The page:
25. THE ACCIDENTAL IMAGE
In the process of filmmaking, most elements you see on screen have been placed there strategically. In fiction feature filmmaking, for instance, it is the prop(erty) master’s job to provide the director with the required ‘props’ on set: a particular chair or car, for instance, which might help explain some part of a character’s story, or motivation.
In animation, in which the images are literally created from scratch, everything you see on screen has been the result of a deliberate decision. Indeed, in each episode of The Game is On! series, visual ‘clues’, such as the print on a t-shirt, the posters on the wall – or even the wallpaper itself – have been ‘planted’ for you to discover and link to the theme of the episode.
In other kinds of filmmaking, such as documentary filmmaking, the situation is different. In documentaries – roughly defined as films grounded in real life – the story sometimes develops in front of the camera as it is happening. This means that background elements, such as a television programme playing on a screen in a corner of the shot, the music that is playing in a shopping mall, or a ringtone – in other words, other people’s copyright material – may accidentally make it into the film.
Some documentary filmmakers make use of other people’s material in a different way: they back up their arguments with historical images, either moving images or photographs. And there are also filmmakers who see themselves primarily as artists and who only use other people’s material to create new work: a form of filmmaking often called found footage filmmaking.
When can you use someone else’s work in your own work without asking for permission? What are the copyright exceptions that a filmmaker can depend upon? In this Case File #25 we explore the relationship between documentary filmmaking, the re-use of other people’s work and copyright exceptions.
COPYRIGHT EXCEPTIONS: WHAT IS FAIR?
In some of the previous case files we have seen that UK copyright law provides for a number of exceptions to copyright, specific circumstances when work can be used without the need to get permission from the copyright holder (have a look at Case File #5, #6, or #24). There are various copyright exceptions set out in the Copyright, Designs and Patents Act 1988 (the CDPA), concerning non-commercial research and private study, news reporting, parody, education, and other uses.
A number of these exceptions are sometimes referred to as ‘fair dealing’ exceptions because the law requires that your use of the material for that particular purpose must be fair. Indeed, each copyright exception has specific requirements about how and when the material can be used without permission, and in order to benefit from an exception you must make sure you satisfy the relevant requirements.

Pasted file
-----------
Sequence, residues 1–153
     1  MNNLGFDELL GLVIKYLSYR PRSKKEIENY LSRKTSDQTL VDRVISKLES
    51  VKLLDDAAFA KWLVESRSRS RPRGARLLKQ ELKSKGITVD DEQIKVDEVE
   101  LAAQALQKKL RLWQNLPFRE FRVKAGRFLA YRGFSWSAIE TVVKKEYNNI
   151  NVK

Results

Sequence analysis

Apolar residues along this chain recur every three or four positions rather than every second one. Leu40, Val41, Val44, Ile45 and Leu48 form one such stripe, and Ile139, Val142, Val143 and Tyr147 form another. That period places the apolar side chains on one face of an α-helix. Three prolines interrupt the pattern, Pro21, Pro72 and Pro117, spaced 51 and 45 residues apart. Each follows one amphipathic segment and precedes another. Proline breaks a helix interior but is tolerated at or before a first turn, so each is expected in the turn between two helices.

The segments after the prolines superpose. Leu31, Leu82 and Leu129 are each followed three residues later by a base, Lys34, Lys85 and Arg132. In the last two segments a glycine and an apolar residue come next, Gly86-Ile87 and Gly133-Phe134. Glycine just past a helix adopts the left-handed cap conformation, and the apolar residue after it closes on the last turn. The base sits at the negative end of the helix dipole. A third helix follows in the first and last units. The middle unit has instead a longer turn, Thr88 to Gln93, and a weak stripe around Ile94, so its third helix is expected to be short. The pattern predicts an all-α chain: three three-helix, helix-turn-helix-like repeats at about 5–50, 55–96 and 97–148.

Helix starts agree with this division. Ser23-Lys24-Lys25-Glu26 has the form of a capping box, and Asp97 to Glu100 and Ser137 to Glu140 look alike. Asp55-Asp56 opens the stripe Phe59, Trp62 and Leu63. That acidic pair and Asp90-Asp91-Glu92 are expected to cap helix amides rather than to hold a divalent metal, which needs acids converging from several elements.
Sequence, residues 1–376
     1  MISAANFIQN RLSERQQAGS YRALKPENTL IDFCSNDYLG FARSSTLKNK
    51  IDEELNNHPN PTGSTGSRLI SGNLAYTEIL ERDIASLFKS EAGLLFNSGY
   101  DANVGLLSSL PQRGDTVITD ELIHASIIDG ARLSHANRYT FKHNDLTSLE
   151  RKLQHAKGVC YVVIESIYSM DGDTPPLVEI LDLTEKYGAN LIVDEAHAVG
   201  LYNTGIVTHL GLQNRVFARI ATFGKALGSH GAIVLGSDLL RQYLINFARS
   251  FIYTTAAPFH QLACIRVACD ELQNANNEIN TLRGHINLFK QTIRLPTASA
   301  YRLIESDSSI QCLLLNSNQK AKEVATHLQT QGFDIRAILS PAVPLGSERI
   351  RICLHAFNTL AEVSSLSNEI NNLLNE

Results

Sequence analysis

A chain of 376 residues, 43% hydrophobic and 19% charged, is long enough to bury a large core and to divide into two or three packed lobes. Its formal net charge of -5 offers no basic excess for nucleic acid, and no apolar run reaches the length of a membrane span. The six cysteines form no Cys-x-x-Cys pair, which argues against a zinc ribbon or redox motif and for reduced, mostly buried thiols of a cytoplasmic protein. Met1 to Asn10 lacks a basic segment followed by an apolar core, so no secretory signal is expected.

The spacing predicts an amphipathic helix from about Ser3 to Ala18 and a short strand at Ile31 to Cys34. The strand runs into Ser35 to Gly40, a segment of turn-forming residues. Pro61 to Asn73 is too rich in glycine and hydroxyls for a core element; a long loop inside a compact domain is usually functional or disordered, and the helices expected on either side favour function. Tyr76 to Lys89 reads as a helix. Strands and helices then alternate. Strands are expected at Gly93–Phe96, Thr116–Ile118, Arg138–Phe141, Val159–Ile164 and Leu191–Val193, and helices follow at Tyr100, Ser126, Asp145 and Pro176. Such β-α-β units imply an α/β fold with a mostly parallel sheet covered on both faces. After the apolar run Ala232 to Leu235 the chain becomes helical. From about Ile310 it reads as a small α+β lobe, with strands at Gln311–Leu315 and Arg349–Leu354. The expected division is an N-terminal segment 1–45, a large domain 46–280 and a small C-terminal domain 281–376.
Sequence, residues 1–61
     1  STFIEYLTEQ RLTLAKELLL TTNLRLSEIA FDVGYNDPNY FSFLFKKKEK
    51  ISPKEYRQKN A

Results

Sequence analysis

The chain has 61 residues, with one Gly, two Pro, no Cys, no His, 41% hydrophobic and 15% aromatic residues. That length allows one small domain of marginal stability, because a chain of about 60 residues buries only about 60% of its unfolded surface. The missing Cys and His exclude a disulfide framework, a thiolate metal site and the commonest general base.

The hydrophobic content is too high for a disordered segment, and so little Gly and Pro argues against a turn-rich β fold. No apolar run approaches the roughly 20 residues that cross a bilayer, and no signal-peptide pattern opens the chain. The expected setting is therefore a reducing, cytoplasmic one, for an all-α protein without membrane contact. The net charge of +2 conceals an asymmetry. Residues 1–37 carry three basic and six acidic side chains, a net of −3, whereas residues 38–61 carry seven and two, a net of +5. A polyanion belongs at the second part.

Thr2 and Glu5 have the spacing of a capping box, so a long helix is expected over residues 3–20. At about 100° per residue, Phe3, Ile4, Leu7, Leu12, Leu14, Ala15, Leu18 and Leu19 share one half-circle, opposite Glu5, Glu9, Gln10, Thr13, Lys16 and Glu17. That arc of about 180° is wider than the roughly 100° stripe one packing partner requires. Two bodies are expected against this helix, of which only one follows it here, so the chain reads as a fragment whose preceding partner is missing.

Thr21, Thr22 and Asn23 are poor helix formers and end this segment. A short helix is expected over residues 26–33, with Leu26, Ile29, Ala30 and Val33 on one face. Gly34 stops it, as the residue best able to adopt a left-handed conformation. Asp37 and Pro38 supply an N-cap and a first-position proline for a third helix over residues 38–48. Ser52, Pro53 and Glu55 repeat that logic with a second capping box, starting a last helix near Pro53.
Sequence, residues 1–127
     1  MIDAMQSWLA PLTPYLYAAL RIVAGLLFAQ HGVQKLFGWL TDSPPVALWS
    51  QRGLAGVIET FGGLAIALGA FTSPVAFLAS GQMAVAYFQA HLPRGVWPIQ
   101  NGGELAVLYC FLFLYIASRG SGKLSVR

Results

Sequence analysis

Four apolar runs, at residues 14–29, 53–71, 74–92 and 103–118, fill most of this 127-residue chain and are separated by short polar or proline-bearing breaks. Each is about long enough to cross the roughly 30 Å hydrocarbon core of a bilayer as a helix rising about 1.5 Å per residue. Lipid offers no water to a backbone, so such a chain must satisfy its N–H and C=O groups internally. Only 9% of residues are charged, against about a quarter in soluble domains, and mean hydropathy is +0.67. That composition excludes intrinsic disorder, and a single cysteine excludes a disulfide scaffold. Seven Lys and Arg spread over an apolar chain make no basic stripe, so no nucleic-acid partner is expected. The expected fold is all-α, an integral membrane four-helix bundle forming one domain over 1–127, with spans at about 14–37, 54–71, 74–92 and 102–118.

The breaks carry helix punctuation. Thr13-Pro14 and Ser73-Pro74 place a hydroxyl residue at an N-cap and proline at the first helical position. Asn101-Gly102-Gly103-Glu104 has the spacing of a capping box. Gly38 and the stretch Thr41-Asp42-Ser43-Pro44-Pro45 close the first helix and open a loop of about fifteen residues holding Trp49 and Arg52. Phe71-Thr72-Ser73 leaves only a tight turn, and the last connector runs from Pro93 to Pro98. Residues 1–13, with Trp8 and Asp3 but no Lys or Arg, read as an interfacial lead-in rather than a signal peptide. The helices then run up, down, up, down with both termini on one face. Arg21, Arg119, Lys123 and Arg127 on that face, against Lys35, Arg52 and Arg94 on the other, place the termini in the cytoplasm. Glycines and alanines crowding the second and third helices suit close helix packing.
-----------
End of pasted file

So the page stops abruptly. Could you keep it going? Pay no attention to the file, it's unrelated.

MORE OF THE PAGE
Being properly informed as a filmmaker about what is fair dealing will enable you to confidently create your new work, and to avoid rights clearance problems dictating what makes it into your film or not. To know when you are able to quote from other people’s copyright material without having to ask for permission will expand the range of what you can make. Another consequence of relying on fair dealing is that it can save you a lot of money, which is great news for documentary filmmakers who often work with a limited budget.
Let’s consider the specific section of the CDPA that deals with quotations.
Section 30(1ZA) of the CDPA tells us that you can quote from a work if: the work has been made available to the public, the use of the quotation is fair dealing, the extent of the quotation is no more than is required by the specific purpose for which it is used, and the quotation is accompanied by a sufficient acknowledgement (unless this is impractical).
The CDPA does not specifically define ‘fair dealing’. Some factors have been identified by the courts as relevant in deciding whether a particular use is fair, but as the UK Intellectual Property Office (IPO) states: it will always be a matter of fact, degree and impression in each case.
One relevant factor to consider is the purpose behind using the work: does the material have a different effect than in its original use? Is there a clear connection between the use of the clip and the intention of the larger film? Does it add context or has it been used for mere creative value? Consider, for instance, feature films that rely on archival footage to add an air of ‘authenticity’ to their dramatic stories, such as Kathryn Bigelow’s Detroit (2017), Roman Polanski’s The Pianist (2002), or Oliver Stone’s JFK (1991). The archival clips in those films are used for a creative purpose only, and no new context is given – through the addition of a voice-over, for instance.
If this is the kind of film you intend to make, it may be difficult to argue that your use of the work is fair dealing. You should probably get permission from the rights holders instead. However, if you used the same clip of the Warsaw ghetto from The Pianist in a documentary about WW2 ghettos to illustrate your point, it is much more likely that you could rely on the fair dealing exception for quotation.
Another factor to consider, when thinking about ‘fair dealing,’ is the proportion of the work that is used. The CDPA does not define what ‘no more than is required’ means exactly, but it is generally understood as the minimum amount of work that is needed to make a certain point. That is, if you want to quote from someone else’s film to make a point, you will very likely only have to show a short clip from that work to support your argument. However, depending on the circumstances, it may also be fair to quote a particular work in its entirety. For example, if you want to make use of a photograph for illustrative purposes in an historic documentary then it may well be fair to show the photograph in its entirety. This is what the IPO means with ‘it will always be a matter of fact, degree and impression in each case.’
The market for the original work is one of the other determining factors in considering whether a particular dealing is fair. It will not be considered fair if the new work can be seen as a substitute for the original and will threaten the commercial exploitation of the original work.
Finally, you should never forget that if the film material you want to make use of is out of copyright (that is, it is in the public domain), there is no need to rely on an exception or to seek permission from the former copyright owner. You can make use of material in the public domain without having to ask anyone’s permission.
FAIRNESS IN SPRINGFIELD
Section 31 of the CDPA addresses incidental inclusion of copyright material. That is, copyright in someone’s work is not infringed by its incidental inclusion in another work, such as an artistic work, a sound recording, a film or a broadcast. For example, you might be filming a scene on a busy street, and in the background of your shot is a poster for a new cinema release or an art exhibition. So long as the poster has not been deliberately included – that is, it is not the main focus of interest in the scene, or is of ‘secondary importance’ – there is no infringement.